Published: Mon, June 04, 2018
Research | By Raquel Erickson

Trump Orders Perry to Stem Coal, Nuclear Power Plant Closures

Trump Orders Perry to Stem Coal, Nuclear Power Plant Closures

American power generators are expected to retire - or announce the retirements of - 16,200 megawatts of coal-fired and 550 megawatts of nuclear plant capacity this year, according to Bloomberg New Energy Finance.

The Energy Department would also establish a "Strategic Electric Generation Reserve". Under the proposal, the president would exercise emergency authority to carry out the directive, which the memo reportedly says is necessary to preserve national security.

The draft memo laying out the directive would not give a certain quantity operators must spend however says it will likely be sufficient to maintain the services open for the following two years, saying that US nationwide safety "depends on a strong USA home industrial base, of which the coal, nuclear, and oil and pure fuel industries are vital strategic parts".

Department of Energy spokeswoman Shaylyn Hynes did not respond to requests for comment.

Coal and nuclear plants are in trouble because across much of the country they're having trouble competing with cheaper forms of electricity generated by natural gas and renewable energy.

"If DOE proceeds as the memo suggests, a selection of coal and nuclear plants, ostensibly those at risk of retirement, would receive subsidized payments. under a stitched-together "Frankenstein's monster" of federal authorities", said a commentary by Height Analytics, a consulting firm.


Impending retirements of coal-fired and nuclear power plants are harming the nation's electric grid and reducing its resilience, and the president wants immediate action "to stop the loss of these resources", Sanders said.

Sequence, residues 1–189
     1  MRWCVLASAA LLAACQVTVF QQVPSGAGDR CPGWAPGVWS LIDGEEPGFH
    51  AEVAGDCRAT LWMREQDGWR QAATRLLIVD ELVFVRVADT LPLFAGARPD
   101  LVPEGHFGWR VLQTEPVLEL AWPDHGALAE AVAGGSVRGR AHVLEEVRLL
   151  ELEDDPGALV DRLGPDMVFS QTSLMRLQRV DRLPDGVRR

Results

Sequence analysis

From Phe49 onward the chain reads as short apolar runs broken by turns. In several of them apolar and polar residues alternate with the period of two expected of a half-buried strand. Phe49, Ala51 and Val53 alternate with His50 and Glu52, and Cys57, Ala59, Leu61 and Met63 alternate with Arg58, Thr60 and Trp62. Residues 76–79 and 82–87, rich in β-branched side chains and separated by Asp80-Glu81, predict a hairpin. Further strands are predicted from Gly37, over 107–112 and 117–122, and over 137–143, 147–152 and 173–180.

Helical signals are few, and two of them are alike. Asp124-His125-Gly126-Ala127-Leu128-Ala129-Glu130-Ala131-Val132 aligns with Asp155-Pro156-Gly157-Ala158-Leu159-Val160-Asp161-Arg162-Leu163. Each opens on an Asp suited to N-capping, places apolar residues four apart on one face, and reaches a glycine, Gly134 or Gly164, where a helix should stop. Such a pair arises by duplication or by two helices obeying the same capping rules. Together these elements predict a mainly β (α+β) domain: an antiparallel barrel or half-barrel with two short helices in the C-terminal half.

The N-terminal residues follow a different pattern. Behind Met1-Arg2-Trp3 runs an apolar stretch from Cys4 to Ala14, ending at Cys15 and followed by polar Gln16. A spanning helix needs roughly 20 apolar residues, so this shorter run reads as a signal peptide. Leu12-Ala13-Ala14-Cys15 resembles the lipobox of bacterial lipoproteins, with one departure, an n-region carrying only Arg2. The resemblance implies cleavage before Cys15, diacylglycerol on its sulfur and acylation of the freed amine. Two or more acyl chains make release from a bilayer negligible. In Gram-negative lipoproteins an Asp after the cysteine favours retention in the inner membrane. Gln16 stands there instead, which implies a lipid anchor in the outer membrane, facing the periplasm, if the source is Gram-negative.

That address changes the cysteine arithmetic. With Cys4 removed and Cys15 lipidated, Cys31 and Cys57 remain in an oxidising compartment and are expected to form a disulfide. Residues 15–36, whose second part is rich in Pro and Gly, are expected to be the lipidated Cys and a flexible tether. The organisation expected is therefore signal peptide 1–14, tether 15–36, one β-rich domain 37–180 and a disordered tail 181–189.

The draft memo laying out the directive doesn't give a specific amount operators would have to spend but says it will be enough to keep the facilities open for the next two years, saying that USA national security "relies on a robust US domestic industrial base, of which the coal, nuclear, and oil and natural gas industries are critical strategic components". "There is no need for any such drastic action", said a PJM spokesperson about the new idea. "We urge policymakers to again block this ill-advised effort to keep plants running that most electric utilities have already made a decision to abandon - and for good reason". In the case of coal specifically, the National Energy Technology Lab stated that, during the 2018 Bomb Cyclone at the height of peak demand on January 5, 2018, "had coal been removed, a 9-18 GW shortfall would have developed".

Perry, under the auspices of the Trump White House, then switched tactics by proposing a new rule to require energy buyers to pay extra fees to coal and nuclear plants as a means of supporting the declining industry, but that requirement was quickly shot down by the Federal Energy Regulatory Commission who noted insufficient evidence to approve the extra fees.

One other coalition of power business teams representing the oil, pure fuel, photo voltaic, and wind industries issued joint statements saying the administration's plan is "misguided", "unwarranted", and "an train in crony capitalism".

If adopted, the move would mark an unprecedented intervention in power markets, and would serve the administration's goal of bolstering America's struggling coal and nuclear industries that have been shrinking amid competition from natural gas, solar and wind power.

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